Turkmenistan: Gas Deal with Pakistan for TAPI Not Quite There Yet
President Gurbanguly Berdymukhamedov made a state visit to Pakistan November 14 and cut a gas deal with Pakistan, the State News Agency of Turkmenistan and international wire services reported.
Reuters reported that Turkmenistan and Pakistan had "agreed" on a price for its gas to be sold to Pakistan in the Turkmenistan-Afghanistan-Pakistan-India (TAPI) pipeline.
Yet Reuters also cited Turkmen government officials requesting anonymity who said neither the exact price of gas or the volume of the sale were set. And Pakistan's largest circulation daily The Dawn reported more prudently that the two countries had "agreed to expedite energy projects."
That means negotiations could still well drag on, delaying TAPI, despite an agreement by the state parties nearly a year ago in Ashgabat in December 2010. The 1,700-kilometer pipeline, currently estimated to cost $7.6 billion is intended to deliver about 33 billion cubic meters per year, Turkmen Oil and Gas Minister Bayramgeldy Nedirov said recently.
While Neitral'niy Turkmenistan, the state daily, reported on the signing of a joint declaration on the sale and purchase of gas, no more details were provided. When Ashgabat finally signs gas deals -- and it can sign them quickly under the right conditions as it did with China -- the details may not be reported, and the only way you can be sure they are concluded is when the pictures of construction workers start appearing.
Berdymukhamedov met with Pakistan's President Asif Ali Zardari and Prime Minister Yousuf Razi Gilani during this trip, his first to Pakistan. While earlier this year, there were reports that New Delhi has agreed on a price with Ashgabat, bypassing Islamabad, Reuters said "negotiations with India, the final country on the pipeline route, are being conducted separately." There's also still the transit price over Afghanistan to be bargained-- and of course even more important, the issue of security for TAPI, which will run through areas of armed conflict in Afghanistan and Pakistan.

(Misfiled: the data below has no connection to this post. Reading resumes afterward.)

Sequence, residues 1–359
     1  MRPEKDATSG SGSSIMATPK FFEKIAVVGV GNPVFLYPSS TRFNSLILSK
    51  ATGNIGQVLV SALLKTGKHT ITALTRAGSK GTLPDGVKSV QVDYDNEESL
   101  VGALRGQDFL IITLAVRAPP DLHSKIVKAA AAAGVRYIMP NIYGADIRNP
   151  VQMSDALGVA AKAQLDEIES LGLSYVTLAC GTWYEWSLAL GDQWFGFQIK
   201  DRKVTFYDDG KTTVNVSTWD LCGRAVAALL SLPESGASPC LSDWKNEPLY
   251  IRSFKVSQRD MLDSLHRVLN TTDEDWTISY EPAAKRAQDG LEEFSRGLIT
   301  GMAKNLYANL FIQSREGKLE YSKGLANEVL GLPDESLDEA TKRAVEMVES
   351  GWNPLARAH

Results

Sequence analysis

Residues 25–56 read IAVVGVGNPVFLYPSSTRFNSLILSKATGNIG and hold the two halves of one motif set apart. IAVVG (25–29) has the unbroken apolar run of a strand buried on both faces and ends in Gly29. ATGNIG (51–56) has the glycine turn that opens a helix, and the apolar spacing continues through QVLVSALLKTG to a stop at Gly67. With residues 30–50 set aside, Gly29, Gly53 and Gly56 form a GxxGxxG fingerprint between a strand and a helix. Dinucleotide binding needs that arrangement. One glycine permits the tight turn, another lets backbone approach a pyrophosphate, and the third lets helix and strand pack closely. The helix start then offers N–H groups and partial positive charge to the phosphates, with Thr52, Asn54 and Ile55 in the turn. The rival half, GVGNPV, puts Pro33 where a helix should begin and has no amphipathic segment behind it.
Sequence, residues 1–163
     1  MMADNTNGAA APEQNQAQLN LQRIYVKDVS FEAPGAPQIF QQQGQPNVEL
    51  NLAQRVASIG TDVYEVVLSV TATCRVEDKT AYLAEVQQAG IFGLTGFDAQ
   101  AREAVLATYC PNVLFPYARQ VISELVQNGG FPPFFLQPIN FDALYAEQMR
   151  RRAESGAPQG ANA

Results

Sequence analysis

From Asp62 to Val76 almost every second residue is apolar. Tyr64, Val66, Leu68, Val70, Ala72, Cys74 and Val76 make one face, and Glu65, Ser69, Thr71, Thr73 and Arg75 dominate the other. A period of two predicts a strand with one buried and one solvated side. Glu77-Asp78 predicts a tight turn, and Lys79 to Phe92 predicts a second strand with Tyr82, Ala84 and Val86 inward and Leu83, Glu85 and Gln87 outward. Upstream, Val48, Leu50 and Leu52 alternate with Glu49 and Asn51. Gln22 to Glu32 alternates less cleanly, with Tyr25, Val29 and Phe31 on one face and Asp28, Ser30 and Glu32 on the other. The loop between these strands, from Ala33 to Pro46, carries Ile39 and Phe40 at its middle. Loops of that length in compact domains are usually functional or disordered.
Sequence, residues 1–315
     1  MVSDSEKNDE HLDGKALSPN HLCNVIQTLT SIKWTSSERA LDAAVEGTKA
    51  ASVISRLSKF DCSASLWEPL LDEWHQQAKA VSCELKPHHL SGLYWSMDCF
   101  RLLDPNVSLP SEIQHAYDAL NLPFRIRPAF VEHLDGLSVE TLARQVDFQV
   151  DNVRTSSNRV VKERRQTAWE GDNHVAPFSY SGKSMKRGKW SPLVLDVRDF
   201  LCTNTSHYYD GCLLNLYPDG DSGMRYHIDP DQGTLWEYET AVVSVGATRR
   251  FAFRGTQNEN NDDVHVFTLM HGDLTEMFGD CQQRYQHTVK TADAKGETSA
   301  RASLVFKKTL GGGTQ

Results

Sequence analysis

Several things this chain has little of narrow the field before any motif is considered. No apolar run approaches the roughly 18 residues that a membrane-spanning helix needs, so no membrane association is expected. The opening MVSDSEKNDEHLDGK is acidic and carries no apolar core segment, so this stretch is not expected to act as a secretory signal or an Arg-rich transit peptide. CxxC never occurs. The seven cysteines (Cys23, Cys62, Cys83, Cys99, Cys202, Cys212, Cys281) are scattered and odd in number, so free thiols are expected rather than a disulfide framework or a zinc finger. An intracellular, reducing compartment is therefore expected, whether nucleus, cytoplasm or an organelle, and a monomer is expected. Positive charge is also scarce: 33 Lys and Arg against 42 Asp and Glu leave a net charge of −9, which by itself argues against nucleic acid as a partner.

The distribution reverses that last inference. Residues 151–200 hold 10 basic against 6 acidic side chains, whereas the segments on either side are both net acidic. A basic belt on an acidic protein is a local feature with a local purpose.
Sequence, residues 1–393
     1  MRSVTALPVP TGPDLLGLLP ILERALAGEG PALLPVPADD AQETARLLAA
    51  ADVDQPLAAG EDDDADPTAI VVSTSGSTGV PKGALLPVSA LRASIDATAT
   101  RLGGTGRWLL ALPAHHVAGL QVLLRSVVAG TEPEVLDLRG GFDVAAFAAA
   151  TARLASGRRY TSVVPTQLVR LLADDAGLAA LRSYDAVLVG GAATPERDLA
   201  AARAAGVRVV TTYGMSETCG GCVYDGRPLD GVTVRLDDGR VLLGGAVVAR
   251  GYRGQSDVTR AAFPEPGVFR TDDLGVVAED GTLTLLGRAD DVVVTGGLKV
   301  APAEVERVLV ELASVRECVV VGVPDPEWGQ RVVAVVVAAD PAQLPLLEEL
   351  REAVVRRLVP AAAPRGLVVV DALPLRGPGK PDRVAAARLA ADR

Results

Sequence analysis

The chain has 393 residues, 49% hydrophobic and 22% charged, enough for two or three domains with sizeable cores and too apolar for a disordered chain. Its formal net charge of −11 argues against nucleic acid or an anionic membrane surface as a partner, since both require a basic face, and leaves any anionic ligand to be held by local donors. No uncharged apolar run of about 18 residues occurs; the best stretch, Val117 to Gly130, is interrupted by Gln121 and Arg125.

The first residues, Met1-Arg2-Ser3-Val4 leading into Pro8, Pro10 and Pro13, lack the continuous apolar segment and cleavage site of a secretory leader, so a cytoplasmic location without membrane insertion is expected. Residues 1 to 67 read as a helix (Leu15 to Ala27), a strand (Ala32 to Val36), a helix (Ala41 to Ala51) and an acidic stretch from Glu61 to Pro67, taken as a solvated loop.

A disturbing sign in that regard was that Pakistan's military chiefs were reported to "stay away" from the presidential banquet with Berdymukhamedov, according to Pakistan's daily The News. The chairman of Pakistan's Joint Chiefs of Staff Committee and the three armed services chiefs were not present at the meetings with the Turkmen leader.
Foreign Minister Hina Rabbani Khar, Interior Minister Rehman Malik, Information Minister Dr Firdous Ashiq Awan, Petroleum Minister Syed Naveed Qamar and other parliamentarians attended a banquet in the Turkmen leader's honor, reported Pakistan's Business Recorder.
Answering a query about the missing military men, a spokesman from the Inter-Services Public Relations office said, "They did not attend because they were not invited to attend," The News reported. When chased by reporters, each Pakistani military official individually seemed to have the excuse that he was either out of town during the Turkmen leader's visit, or absent when invitations were sent. Yet the optics were still troubling in a meeting without them, as much could depend on their cooperation.
"Normally, at all such presidential banquets held in the past, all the services chiefs and chairman JCSC were not only invited but the Presidency made it a point to ensure their attendance at such banquets hosted by the president who is constitutional supreme commander of the Pakistan Armed Forces," said The News.
We can only speculate as to the reasons for the absence of the military brass at a presidential visit where they would normally be present. Does it involve some internal clash with Zardari not specifically related to Turkmenistan? "Unease" in ties between the civilian government and the military could be the reason, says The Hindustan Times
Or is this about being left out of security arrangements for the pipeline that the military feels it should control? Or it is refusal to enter into an international agreement involving India? Or perhaps defiance of a US-backed project? Or is too much being made of the incident? (Nothing is said anywhere about the possible spoiler factor for TAPI from the Pakistani Inter-Services Intelligence [ISI]), given its known current animosity to the US and India.
Another possible trigger for delay of the pipeline is Pakistan's intention, now that it has reportedly reached agreement with Turkmenistan on a gas price, to negotiate for a reduction in the cost of Iranian gas. That might be difficult as Iran will not want to come down in price (and has no reason now to help Turkmenistan). The US has put pressure on Pakistan not to buy gas from Iran or pursue the Iran-Pakistan pipeline, and has urged it to seek alternatives. Washington "has relentlessly been pushing for TAPI,"says Pakistan's daily Dawn. Pakistan's Business Recorder has pointed out the "security premium" Pakistan will have to pay ultimately for Turkmen gas, and likely at a price higher than the Chinese are getting that same gas for now.
The US-based Pakistan Today said in an editorial titled "Not Pipe Dreams" that Islamabad might find its own reasons for completing the deal with Ashgabat and starting TAPI -- getting a better gas rate negotiated with Turkmenistan could make Iran come down in price.